A new law in West Virginia that bans abortions on babies with Down syndrome comes into effect today.
In March, West Virginia Governor Jim Justice signed a pro-life bill that takes another step to end abortion and protect unborn children from abortion.
State lawmakers passed a bill that would ban abortions on babies with Down syndrome — often the target of abortions when prenatal tests indicate the baby may have the condition. With just five minutes left in the regular 60-day session, the Unborn Child with Down Syndrome Protection and Education Act (SB 468), a bill supported by West Virginians for Life (WVFL), was successfully passed in the Senate of West Virginia by a two-pronged vote of 27-5 after an 81-17 vote in the United States House of Representatives earlier in the day.
The new law will protect unborn babies from abortion due to a diagnosis of a disability. It will require doctors to provide educational materials and information about the support systems available to families raising children with disabilities.
Justice said it was necessary because of the discriminatory way some babies are targeted for abortions.
“It just seems discriminatory in my book,” Justice said.
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Pro-life group Susan B. Anthony List welcomed the signing, and its chair Marjorie Dannenfelser told Lifenews: “West Virginia today takes a bold step forward in the fight against eugenic discrimination in America. Research shows that 99% of people with Down syndrome live happy lives, but instead of being nurtured and taken in far too often, they become the target of destruction in the womb, where they are most vulnerable. We are proud to stand alongside West Virginians, the community of self-advocates, and their loved ones who call on our nation to ’embrace, not erase’ Down syndrome.”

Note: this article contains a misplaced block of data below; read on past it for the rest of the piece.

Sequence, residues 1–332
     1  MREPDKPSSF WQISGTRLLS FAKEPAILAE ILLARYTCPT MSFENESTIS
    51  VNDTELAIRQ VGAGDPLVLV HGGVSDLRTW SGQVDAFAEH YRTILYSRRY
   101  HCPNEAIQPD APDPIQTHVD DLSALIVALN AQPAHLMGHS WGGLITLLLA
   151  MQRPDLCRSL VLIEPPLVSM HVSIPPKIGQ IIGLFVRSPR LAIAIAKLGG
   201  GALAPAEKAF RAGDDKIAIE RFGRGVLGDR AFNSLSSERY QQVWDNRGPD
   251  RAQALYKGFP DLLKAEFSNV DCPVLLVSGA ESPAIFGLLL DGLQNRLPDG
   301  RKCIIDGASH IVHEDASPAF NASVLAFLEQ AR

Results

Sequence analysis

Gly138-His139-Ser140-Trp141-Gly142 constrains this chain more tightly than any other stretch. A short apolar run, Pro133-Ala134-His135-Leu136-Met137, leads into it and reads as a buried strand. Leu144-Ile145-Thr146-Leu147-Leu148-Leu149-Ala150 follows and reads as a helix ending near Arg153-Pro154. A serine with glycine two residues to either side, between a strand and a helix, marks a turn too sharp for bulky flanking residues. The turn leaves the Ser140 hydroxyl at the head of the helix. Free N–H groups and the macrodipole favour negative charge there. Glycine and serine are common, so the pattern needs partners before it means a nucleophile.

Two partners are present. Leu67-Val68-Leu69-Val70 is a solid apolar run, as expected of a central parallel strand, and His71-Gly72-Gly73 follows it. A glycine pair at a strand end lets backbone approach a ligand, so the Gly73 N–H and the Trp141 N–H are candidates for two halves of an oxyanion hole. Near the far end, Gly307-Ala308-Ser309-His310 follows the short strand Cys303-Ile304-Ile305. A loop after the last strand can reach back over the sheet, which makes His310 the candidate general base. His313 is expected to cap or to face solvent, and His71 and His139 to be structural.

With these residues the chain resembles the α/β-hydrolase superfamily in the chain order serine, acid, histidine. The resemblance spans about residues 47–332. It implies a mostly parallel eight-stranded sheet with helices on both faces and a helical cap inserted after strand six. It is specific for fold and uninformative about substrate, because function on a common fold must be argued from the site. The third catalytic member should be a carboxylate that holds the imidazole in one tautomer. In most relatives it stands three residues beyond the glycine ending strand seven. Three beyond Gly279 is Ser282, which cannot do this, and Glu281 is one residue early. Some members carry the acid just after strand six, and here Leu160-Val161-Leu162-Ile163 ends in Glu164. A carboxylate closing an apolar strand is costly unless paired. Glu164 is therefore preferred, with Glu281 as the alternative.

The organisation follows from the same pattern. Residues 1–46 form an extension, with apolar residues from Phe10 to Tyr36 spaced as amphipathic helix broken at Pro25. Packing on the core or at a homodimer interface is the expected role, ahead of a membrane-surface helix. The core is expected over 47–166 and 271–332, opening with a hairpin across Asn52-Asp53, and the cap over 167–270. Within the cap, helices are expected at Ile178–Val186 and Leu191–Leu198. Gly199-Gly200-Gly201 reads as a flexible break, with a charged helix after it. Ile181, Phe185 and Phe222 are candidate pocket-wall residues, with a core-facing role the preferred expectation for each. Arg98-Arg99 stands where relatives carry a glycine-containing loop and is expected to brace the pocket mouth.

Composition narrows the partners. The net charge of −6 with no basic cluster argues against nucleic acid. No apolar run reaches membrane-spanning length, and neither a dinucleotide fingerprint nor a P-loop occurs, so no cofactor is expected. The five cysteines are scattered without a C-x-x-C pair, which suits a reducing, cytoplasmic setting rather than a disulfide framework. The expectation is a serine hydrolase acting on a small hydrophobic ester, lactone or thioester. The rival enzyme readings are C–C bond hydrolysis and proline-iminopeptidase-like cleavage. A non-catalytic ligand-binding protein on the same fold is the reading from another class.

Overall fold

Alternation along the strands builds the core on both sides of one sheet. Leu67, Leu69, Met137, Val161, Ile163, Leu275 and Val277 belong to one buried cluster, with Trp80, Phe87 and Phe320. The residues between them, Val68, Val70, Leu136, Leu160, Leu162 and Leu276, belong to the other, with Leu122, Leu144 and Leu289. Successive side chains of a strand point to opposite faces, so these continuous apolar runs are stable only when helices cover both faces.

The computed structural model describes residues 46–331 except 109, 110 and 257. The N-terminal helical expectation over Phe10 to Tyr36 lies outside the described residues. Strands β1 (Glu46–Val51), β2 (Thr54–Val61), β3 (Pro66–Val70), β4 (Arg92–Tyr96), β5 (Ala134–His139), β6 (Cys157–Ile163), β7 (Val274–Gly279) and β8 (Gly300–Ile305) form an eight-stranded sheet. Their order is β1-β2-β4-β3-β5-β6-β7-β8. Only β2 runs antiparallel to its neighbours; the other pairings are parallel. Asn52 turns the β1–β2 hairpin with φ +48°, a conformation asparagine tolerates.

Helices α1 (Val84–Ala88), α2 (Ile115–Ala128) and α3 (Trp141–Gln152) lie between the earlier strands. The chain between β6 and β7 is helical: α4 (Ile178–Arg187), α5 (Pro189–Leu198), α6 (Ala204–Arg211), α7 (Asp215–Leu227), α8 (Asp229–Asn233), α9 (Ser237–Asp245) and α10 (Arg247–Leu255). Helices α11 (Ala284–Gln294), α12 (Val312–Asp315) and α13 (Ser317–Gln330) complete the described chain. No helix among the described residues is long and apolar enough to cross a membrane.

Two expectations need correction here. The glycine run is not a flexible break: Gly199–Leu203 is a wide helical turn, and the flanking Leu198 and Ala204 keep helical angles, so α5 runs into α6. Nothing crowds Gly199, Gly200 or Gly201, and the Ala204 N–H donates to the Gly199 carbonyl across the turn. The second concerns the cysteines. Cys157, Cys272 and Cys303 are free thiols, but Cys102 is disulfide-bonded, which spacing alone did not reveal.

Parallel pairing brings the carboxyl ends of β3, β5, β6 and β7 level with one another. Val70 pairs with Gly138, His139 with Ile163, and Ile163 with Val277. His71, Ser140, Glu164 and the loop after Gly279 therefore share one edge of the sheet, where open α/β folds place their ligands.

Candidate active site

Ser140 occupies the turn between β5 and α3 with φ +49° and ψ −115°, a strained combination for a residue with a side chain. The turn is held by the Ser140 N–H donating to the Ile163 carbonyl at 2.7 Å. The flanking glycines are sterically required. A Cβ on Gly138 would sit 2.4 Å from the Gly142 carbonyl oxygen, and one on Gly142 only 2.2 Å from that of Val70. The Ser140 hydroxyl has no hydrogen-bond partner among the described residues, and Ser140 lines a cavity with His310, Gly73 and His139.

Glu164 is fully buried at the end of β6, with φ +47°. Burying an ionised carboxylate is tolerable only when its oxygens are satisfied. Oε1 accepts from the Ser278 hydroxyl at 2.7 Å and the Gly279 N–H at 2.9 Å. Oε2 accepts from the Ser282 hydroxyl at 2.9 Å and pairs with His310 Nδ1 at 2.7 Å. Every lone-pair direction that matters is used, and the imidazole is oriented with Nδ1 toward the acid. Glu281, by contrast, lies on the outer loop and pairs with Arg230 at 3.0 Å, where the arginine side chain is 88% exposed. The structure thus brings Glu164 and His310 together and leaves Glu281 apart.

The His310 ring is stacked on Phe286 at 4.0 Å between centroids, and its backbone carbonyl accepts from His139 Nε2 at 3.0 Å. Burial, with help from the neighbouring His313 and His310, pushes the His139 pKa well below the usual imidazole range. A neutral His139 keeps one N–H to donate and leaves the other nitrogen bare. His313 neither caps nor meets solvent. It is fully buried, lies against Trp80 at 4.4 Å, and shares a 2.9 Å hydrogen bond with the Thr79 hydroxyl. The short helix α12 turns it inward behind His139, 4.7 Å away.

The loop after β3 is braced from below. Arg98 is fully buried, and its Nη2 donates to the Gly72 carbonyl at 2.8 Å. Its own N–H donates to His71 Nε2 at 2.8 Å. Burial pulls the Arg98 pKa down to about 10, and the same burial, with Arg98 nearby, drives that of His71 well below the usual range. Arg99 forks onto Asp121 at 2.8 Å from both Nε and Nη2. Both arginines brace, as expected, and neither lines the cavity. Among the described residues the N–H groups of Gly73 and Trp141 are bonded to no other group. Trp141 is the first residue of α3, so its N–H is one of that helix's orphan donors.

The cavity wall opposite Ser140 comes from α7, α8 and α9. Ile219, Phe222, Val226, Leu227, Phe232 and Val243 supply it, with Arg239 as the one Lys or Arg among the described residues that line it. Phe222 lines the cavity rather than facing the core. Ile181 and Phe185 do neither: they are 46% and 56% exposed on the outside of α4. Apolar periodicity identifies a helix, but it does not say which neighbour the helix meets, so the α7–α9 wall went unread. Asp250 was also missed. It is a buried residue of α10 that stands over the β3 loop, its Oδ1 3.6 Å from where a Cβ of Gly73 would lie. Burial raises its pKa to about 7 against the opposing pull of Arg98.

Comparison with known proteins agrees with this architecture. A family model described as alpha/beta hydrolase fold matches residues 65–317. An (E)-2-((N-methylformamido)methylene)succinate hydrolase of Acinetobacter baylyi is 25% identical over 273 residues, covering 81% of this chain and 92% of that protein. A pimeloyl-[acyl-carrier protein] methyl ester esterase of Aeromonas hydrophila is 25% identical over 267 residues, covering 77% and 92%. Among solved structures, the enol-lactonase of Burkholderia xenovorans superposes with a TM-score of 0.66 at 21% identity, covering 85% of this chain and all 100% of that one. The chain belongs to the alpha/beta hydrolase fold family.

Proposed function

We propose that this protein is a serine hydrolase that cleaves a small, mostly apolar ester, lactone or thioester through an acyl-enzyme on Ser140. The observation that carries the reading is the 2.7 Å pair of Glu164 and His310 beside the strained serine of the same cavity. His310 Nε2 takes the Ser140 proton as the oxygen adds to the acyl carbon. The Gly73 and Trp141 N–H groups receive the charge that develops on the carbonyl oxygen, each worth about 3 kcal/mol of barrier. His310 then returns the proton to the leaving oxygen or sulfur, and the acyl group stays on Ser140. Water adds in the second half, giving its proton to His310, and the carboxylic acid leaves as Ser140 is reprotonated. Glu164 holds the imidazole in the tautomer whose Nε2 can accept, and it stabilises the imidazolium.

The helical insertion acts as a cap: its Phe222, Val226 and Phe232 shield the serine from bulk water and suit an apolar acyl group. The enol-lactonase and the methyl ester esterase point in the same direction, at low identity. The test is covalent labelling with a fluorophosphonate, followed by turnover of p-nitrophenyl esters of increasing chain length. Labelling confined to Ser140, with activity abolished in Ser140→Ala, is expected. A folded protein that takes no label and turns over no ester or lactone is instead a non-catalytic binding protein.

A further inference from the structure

“We are grateful for Governor Justice’s prompt action and to all of our local pro-life allies, especially our National Pro-Life Caucus members Del. Kayla Kessinger and Senator Patricia Rucker, who worked tirelessly until the final minutes of the session to provide these vital protections enshrined in law. As we await a decision in the historic Dobbs case, we hope the people of every state will soon have the opportunity to modernize our laws.”
Earlier this year, the 6th U.S. Circuit Court of Appeals allowed a bill in Tennessee that prohibits discriminatory abortions based on gender, race, or prenatal diagnosis of Down syndrome to go into effect while the lawsuit continues. The Court further stated that it would hold off on hearing the case until after the U.S. Supreme Court decides Dobbs v. Jackson Women’s Health Organization. This case will examine whether all pre-viable abortion limits are unconstitutional. The Court heard pleadings in the case on December 1, 2021, and a ruling is expected by the summer.